This soup is adapted (ever so slightly) from a favorite soup-oriented cookbook—Anna Thomas’ Love Soup. If you don’t have turnips, substitute a slightly larger squash, more celery root or a few carrots. Celery root is the gnarly subterranean root of the common celery plant. It’s an overlooked treasure—loaded with vibrant celery flavor and a nice crunch. You’ll enjoy it raw as well as cooked—shave some into a green salad for a change of pace.
This dish riffs on a classic of the American breakfast repertoire: hash browns (AKA home fries). We’ve thrown in cubed rutabaga, but sweet potato or turnip would be great too. Or nothing but potato, if you prefer. Serve with an omelet or frittata for a soul-soothing start to the day (or ending) Continue reading
This recipe was adapted from Clean Start by Terry Walters. Here’s a great opportunity to clear out the fridge, as nearly any winter root (or squash) will work wonderfully. French green lentils are smaller and darker than brown ones. They hold their shape in cooking, so are better for salads and pilafs. You’ll find them at Whole Foods and many grocery stores.
- 3 cups peeled and cubed (3/4 inch) mixed roots or winter squash (such as carrot, parsnip, turnip, rutabaga, celery root, potato or butternut squash)
- 1 large onion peeled and cut into ½ inch wedges
- Extra virgin olive oil
- ¾ cup dry French green lentils
- 3 cups vegetable stock or water
- Sea salt and freshly ground pepper
- 2 Tablespoons lemon juice (plus more)
- 1 Tablespoon butter
- 4 cups thinly sliced mushrooms
- 1 Tablespoon white wine or sherry
- 1 Tablespoon fresh thyme leaves
- 2 Tablespoons fresh parsley leaves
- Preheat oven to 400 ° F. Toss roots with olive oil to coat. Place on a baking sheet. Toss onion with olive oil to coat and place on a separate baking sheet. Roast both until tender (onions will take about 25 minutes, roots about 35). Turn once or twice during cooking.
- While vegetables are roasting, place lentils in a saucepan with water/stock and a pinch of salt. Bring to a boil; reduce heat and cover. Simmer until tender (about 20 minutes). Drain well. Toss with one Tablespoon olive oil and one Tablespoon lemon juice.
- In a large skillet, heat butter with one Tablespoon olive oil. Sauté mushrooms until they’ve reduced in size and browned in many spots. Add sherry and one Tablespoon lemon juice. Add thyme and cook until liquid is mostly absorbed. Fold in lentils and roasted vegetables (with any caramelized pan drippings). Heat through. Season with salt and freshly ground pepper. Toss with parsley and add more lemon juice or olive oil as needed for taste.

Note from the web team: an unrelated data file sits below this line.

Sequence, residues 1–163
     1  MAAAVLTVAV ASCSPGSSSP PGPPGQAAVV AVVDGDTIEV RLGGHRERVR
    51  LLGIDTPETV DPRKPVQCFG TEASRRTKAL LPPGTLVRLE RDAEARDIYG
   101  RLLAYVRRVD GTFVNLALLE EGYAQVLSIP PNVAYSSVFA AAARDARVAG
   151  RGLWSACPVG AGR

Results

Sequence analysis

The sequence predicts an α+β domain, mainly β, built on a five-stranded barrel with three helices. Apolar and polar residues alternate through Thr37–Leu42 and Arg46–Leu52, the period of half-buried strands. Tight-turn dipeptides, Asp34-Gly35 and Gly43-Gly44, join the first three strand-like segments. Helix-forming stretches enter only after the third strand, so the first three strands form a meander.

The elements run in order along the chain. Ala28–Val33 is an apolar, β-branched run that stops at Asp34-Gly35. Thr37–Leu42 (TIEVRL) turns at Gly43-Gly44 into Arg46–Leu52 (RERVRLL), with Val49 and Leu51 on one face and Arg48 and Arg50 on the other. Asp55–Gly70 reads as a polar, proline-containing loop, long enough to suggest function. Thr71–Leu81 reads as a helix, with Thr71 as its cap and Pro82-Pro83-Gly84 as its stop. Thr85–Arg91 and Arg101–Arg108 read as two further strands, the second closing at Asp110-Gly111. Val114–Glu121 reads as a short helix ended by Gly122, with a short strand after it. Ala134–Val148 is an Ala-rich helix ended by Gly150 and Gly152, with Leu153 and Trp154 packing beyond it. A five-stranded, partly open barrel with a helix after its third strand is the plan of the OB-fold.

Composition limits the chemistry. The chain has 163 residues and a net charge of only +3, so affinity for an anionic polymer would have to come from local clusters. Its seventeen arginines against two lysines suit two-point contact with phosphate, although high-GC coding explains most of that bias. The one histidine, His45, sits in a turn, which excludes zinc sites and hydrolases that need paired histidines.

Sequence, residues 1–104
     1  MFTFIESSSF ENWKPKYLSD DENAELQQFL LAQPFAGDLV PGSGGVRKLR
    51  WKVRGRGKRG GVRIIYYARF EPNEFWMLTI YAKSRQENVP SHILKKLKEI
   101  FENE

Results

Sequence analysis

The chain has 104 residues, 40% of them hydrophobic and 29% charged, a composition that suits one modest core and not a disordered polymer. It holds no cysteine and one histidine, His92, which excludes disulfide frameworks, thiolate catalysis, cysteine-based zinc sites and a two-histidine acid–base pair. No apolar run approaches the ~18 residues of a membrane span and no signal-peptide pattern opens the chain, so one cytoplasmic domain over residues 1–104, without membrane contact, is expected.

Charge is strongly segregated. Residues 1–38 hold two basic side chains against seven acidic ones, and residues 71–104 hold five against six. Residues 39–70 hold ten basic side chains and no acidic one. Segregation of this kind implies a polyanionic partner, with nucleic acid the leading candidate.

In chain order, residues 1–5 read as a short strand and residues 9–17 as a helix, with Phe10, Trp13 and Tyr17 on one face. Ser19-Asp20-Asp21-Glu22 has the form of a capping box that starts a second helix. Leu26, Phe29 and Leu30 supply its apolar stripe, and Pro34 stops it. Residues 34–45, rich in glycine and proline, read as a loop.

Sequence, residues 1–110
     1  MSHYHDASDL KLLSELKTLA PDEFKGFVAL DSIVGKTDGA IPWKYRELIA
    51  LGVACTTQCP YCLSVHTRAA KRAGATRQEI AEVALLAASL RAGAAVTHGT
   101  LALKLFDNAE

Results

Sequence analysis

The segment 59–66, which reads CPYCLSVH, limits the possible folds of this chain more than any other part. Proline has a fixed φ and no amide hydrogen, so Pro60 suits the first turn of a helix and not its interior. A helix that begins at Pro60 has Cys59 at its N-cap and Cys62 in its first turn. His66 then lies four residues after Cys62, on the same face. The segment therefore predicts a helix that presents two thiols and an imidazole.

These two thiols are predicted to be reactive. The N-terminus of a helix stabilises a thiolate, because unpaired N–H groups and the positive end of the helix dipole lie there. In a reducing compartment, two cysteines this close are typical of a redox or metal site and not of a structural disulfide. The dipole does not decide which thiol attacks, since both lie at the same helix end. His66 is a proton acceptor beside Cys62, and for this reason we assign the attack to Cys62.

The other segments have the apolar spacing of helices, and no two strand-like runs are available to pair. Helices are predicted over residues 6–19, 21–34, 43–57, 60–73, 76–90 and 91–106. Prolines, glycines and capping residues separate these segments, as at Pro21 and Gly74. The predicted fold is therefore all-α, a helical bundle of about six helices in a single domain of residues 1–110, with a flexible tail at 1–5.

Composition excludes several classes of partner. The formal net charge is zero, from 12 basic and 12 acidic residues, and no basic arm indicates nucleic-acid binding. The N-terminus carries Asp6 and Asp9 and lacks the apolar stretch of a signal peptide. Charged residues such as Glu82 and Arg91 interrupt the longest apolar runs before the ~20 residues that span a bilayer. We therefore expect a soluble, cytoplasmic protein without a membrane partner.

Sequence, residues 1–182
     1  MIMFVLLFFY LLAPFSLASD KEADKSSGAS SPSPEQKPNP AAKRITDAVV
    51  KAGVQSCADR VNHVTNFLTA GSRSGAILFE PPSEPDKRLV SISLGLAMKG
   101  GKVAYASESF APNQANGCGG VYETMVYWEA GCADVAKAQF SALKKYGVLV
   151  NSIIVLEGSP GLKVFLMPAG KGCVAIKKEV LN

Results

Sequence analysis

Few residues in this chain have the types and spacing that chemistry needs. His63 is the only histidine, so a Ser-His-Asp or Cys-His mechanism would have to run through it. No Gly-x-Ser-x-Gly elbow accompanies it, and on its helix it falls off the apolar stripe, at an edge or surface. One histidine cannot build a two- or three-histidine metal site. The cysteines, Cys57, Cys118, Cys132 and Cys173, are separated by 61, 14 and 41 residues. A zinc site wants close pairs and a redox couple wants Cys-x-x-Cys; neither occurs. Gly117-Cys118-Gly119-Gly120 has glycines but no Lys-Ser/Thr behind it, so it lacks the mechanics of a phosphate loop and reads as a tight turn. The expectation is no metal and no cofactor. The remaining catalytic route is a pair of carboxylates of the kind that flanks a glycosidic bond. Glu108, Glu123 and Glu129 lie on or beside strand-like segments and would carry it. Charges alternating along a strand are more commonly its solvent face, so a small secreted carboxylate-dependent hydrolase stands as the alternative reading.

Korma is a creamy, rich vegetable stew — Indian comfort food worthy of a dinner party, but easy to throw together for mid-week supper as well. This version comes from Nigel Slater’s fabulous cookbook come memoir, Tender: A Cook and his Vegetable Patch. Serve with rice or naan (in the frozen section at Trader Joe’s).
- 2 ½ pounds mixed roots: parsnip, rutabaga, carrot, turnip, potato or such
- 2/3 cup cashews
- 6 green cardamom pods
- 2 Tablespoons vegetable oil
- 2 medium onions, peeled and minced
- 1 thumb-sized piece of ginger, coarsely grated
- 3 cloves garlic, minced
- 2 teaspoons ground cumin
- 1 Tablespoon ground coriander
- 2 teaspoons turmeric
- ½ teaspoon chile powder
- 1 inch cinnamon stick
- 2 small green chiles, thinly sliced
- 2/3 cup cream
- 2/3 cup plain yogurt
- Chopped cilantro
- Salt and freshly ground pepper
- Peel and cut the vegetables into uniformly sized cubes, ¾ inch or so.
- Coarsely chop half the cashews. Toast the whole cashews in a small dry skillet until spotted in areas with golden brown.
- Open cardamom pods. Remove seeds. Crush with a mortar and pestle into a gritty powder.
- Warm the oil in a large, heavy-bottomed pan and stir in the onions. Cook until soft, but not colored. Add the ginger and garlic and cook over gentle heat for a couple of minutes. Add the cardamom, cumin, coriander, turmeric, chile powder and cinnamon stick. Cook the spices for a few minutes until their fragrance is noticeable.
- Add the vegetables, chopped nuts and chiles. Season with salt and pepper. Stir in 3 cups water, partially cover with a lid and simmer gently for 45 minutes until roots are tender.
- Carefully add the cream and yogurt to the pan, letting them heat through, but not boil (or the mixture will curdle). Check the seasoning and add more salt or pepper as needed. Scatter the toasted nuts and some chopped cilantro on top before serving.
I’ve always liked working with frozen puff pastry, but this winter, I’ve gone a little crazy. There’s just so much you can do with the product. Concocting sweet or savory tarts, turnovers, appetizer bites, even pizzas, with such elegance, no one will believe you slapped it all together in less than an hour. The key for spontaneity, is to make sure you have some defrosted pastry waiting in the fridge – it will keep this way for a week, possibly more. You can also defrost the product on the kitchen counter fairly quickly, less than an hour depending on the brand – the Trader Joe’s version is ready in 20 minutes.